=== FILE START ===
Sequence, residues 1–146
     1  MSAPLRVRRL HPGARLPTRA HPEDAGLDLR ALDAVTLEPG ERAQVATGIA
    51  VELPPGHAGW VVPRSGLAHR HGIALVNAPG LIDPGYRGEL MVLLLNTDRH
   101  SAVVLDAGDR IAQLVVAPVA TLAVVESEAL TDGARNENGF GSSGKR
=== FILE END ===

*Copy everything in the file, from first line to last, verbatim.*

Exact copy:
Sequence, residues 1–146
     1  MSAPLRVRRL HPGARLPTRA HPEDAGLDLR ALDAVTLEPG ERAQVATGIA
    51  VELPPGHAGW VVPRSGLAHR HGIALVNAPG LIDPGYRGEL MVLLLNTDRH
   101  SAVVLDAGDR IAQLVVAPVA TLAVVESEAL TDGARNENGF GSSGKR